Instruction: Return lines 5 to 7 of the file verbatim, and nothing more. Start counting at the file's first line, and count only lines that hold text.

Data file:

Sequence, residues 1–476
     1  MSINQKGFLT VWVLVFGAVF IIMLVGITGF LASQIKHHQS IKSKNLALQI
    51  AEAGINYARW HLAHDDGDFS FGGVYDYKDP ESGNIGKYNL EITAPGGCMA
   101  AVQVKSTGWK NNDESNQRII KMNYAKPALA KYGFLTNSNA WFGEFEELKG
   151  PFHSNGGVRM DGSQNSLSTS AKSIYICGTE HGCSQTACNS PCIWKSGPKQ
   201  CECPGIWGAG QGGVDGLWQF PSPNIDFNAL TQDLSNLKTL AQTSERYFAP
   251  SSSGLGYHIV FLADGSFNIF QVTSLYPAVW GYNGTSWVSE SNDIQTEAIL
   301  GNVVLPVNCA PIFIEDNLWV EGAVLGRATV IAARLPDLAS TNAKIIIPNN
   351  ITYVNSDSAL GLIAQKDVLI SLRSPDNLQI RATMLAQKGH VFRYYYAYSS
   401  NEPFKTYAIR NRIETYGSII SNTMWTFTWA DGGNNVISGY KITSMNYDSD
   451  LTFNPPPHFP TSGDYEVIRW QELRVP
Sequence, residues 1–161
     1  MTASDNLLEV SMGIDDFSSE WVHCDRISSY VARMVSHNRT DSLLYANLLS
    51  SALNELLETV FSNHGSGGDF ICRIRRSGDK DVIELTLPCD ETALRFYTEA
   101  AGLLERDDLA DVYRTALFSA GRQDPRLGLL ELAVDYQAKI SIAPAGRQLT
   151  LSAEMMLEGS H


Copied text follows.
   151  PFHSNGGVRM DGSQNSLSTS AKSIYICGTE HGCSQTACNS PCIWKSGPKQ
   201  CECPGIWGAG QGGVDGLWQF PSPNIDFNAL TQDLSNLKTL AQTSERYFAP
   251  SSSGLGYHIV FLADGSFNIF QVTSLYPAVW GYNGTSWVSE SNDIQTEAIL